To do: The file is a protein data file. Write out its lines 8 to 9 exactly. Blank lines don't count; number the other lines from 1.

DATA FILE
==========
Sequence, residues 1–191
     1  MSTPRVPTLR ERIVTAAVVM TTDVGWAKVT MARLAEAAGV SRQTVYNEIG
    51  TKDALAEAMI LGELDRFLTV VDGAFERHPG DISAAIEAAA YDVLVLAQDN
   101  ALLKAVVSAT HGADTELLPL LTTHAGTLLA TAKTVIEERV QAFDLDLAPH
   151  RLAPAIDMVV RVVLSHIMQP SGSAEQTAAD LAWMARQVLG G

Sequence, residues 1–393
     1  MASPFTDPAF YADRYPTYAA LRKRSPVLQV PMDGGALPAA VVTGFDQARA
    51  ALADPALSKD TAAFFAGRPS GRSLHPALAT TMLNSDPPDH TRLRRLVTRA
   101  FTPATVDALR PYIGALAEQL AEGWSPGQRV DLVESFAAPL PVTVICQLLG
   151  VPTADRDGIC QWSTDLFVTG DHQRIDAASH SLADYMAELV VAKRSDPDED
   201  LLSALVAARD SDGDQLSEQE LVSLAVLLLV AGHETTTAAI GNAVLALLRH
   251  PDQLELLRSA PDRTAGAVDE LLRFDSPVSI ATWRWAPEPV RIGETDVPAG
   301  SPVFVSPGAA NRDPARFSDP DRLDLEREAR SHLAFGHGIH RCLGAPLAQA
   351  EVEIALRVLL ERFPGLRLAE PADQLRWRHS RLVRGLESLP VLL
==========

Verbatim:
    51  ALADPALSKD TAAFFAGRPS GRSLHPALAT TMLNSDPPDH TRLRRLVTRA
   101  FTPATVDALR PYIGALAEQL AEGWSPGQRV DLVESFAAPL PVTVICQLLG